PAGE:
This week, Saudi Arabia, the United Arab Emirates, and Bahrain withdrew their ambassadors from Doha, citing Qatar’s apparent failure to heed the terms of a security agreement made at a Gulf Cooperation Council (GCC) meeting late last year. The two issues in the dispute are Qatar’s perceived backing for the Egyptian Islamist group, the Muslim Brotherhood, and the coverage on Qatari pan-Arab news channel Al Jazeera, which has been favourable to the Brotherhood and its challenge to the Egyptian authorities after the military ousted Islamist president Mohammed Morsi last year.
Saudi media claim that the new emir, Tamim bin Hamad, agreed to the terms of the security agreement, although whether he did or not is another question. Arab media have carried reports of sharp conversations between Saudi Foreign Minister Saud al-Faisal and Tamim at this week’s GCC meeting in Riyadh, during which
Moscow was shocked by the Ukrainian parliament’s dismissal of President Viktor Yanukovych on 22 February in response to pressure from the Maidan movement. Even though Yanukovych was never the pro-Russian president Moscow had hoped for, he was a typical post-Soviet leader. Corrupt, self-interested, and malleable, he fit in well with the norms of Russian politics. But with his ejection, Moscow suddenly had no man in Kyiv any more. Up until then, apart from putting pressure on Yanukovych to resolve the situation on the Maidan (by force if necessary), Putin had more or less observed events from afar. Even when the foreign ministers of Germany, Poland, and France intervened in the internal Ukrainian conflict to prevent a bloody civil war, Putin did not send a hardliner to negotiate. Instead, he sent the experienced and cautious diplomat, Vladimir Lukin. All this shows that Putin
In January 2014, HSBC’s flash purchasing managers’ index (PMI) for China showed its first contraction in six months. PMI fell below the 50 percent threshold, and it has continued to decline, from 49.5 percent in January to 48.3 percent in February. If growth weakens, China could be heading towards a domestic debt crisis. Will the reforms announced in November after the Third Plenum of the 18th Chinese Communist Party Central Committee lead to a more sustainable model? In the short term, the reform programme does imply slower growth. This week’s session of the National People’s Congress (China’s parliament, which meets once a year in March) could provide some important indications on how to read the weaker PMI and what reforms to expect in the near future.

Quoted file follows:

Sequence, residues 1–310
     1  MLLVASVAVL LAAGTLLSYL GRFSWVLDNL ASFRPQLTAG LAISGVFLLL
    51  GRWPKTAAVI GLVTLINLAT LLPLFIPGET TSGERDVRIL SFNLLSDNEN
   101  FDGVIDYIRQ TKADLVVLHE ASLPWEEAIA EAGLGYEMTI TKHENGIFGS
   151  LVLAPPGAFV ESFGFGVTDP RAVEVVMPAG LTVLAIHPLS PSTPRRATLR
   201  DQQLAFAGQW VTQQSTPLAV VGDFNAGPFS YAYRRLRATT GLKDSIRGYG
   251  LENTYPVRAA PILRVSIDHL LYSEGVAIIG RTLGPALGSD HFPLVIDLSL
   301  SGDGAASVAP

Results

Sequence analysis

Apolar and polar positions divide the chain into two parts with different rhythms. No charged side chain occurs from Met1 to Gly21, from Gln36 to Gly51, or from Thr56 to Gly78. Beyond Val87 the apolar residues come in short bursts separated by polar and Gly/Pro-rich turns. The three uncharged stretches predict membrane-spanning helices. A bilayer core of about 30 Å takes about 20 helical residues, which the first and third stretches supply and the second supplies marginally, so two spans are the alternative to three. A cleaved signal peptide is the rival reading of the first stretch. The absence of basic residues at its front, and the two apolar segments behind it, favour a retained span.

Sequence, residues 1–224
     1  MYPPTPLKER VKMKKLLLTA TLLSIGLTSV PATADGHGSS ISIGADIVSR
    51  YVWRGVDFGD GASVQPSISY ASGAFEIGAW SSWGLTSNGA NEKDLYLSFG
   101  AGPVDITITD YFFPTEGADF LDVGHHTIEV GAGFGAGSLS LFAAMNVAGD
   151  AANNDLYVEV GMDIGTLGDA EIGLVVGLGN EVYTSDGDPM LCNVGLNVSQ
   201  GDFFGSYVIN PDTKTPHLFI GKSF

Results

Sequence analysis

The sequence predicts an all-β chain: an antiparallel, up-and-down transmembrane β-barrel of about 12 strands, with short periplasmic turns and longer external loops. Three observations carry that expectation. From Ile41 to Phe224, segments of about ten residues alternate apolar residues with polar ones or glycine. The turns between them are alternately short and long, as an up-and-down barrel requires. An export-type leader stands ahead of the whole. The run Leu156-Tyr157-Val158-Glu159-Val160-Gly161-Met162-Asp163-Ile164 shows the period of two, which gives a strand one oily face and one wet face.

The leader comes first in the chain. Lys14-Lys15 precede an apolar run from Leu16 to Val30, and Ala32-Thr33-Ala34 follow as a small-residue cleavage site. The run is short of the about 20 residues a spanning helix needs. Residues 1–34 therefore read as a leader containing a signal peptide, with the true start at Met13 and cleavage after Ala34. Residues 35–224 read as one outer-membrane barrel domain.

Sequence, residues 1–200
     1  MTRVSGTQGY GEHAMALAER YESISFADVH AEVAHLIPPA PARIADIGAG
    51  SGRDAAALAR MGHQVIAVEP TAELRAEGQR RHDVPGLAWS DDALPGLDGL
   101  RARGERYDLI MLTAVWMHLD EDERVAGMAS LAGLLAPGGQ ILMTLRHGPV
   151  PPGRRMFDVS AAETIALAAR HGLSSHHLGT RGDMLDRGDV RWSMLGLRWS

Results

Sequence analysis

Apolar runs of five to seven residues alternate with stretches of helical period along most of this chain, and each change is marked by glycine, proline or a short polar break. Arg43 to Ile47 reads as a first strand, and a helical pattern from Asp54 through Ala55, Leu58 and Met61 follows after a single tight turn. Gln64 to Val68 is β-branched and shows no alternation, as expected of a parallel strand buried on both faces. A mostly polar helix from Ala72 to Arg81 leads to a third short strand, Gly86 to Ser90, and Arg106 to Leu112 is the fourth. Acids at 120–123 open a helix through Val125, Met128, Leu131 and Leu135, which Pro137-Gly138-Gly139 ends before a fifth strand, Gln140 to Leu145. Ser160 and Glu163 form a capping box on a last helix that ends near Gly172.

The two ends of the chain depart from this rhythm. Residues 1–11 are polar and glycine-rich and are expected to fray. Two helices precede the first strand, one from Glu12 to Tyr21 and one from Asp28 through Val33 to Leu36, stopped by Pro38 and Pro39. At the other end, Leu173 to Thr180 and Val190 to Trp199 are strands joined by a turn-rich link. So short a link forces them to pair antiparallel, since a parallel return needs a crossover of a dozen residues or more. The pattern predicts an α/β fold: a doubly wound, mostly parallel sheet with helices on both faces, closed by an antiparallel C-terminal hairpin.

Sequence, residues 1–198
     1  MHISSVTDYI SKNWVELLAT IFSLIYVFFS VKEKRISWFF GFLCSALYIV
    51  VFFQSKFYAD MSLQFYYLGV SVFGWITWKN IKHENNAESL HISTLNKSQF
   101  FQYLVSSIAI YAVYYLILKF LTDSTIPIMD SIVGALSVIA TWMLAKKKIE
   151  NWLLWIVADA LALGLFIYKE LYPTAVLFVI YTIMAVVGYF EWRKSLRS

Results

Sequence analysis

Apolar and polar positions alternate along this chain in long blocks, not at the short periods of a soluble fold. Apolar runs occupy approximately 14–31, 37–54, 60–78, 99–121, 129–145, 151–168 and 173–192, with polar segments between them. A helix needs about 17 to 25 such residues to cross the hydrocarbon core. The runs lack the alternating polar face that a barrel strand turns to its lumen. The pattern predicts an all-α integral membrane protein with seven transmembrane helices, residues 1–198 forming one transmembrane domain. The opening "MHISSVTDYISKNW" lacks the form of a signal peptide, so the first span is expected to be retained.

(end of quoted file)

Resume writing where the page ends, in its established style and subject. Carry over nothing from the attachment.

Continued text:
A recent informal meeting between representatives of major German firms and a group of China-watchers gave evidence of the
United Kingdom: a country once admired in the European Union, but now in the dumps. Brexit: the term used for the UK’s exit from the European Union, a real possibility in view of what the polls are saying about the mood of British public opinion. Referendum: an instrument of direct democracy that may turn against its promoters. Tory: a dangerous creature with well-known propensities for ousting prime ministers at the cost of EU policy. Cameron: British prime minister who thinks he can ride a tiger. Blackmail: the perception now dominant in Europe about what defines David Cameron’s EU policy.
Stir up all these elements and you get an idea of the turn taken by the debate on the UK’s possible exit from the EU. I have recently returned from London surprised at the hostility that pervades relations between the British government and the European Union. London has been stumbling forward
Development Aid and the Palestinian/Israeli Conflict: Testimony to the British Parliament’s International Development Committee
The British Parliament’s International Development Committee has launched an inquiry analysing the United Kingdom’s development work in the Middle East, specifically in regards to the Department for International Development’s (DFID) programme in the Occupied Palestinian Territories (OPTs).
These are undertaken every few years and last week I was invited to address a hearing of the Committee as an expert witness. Committee members pursued several areas of questioning, from the validity and usefulness of funding the Palestinian Authority and accusations of PA incitement to the situation in Gaza and the question of boycotts and the now (in)famous Sodastream settler factory.
On the panel alongside me was Margot Ellis, the Deputy Commissioner-General of
On the nature of the reform agenda.
The EU should support the new Ukrainian government.
Relations between China and its neighbours changed dramatically
Qatar's foreign policy after a sudden regime change
A comprehensive assessment of European foreign policy
What Russia will do and how Europe can respond
Why the EU needs to develop a new policy towards Egypt
Formal rules and arbitrary power
Towards a new EU foreign policy
Why Europe needs a new Asia strategy
How sectarian agendas shape the politics of the Middle East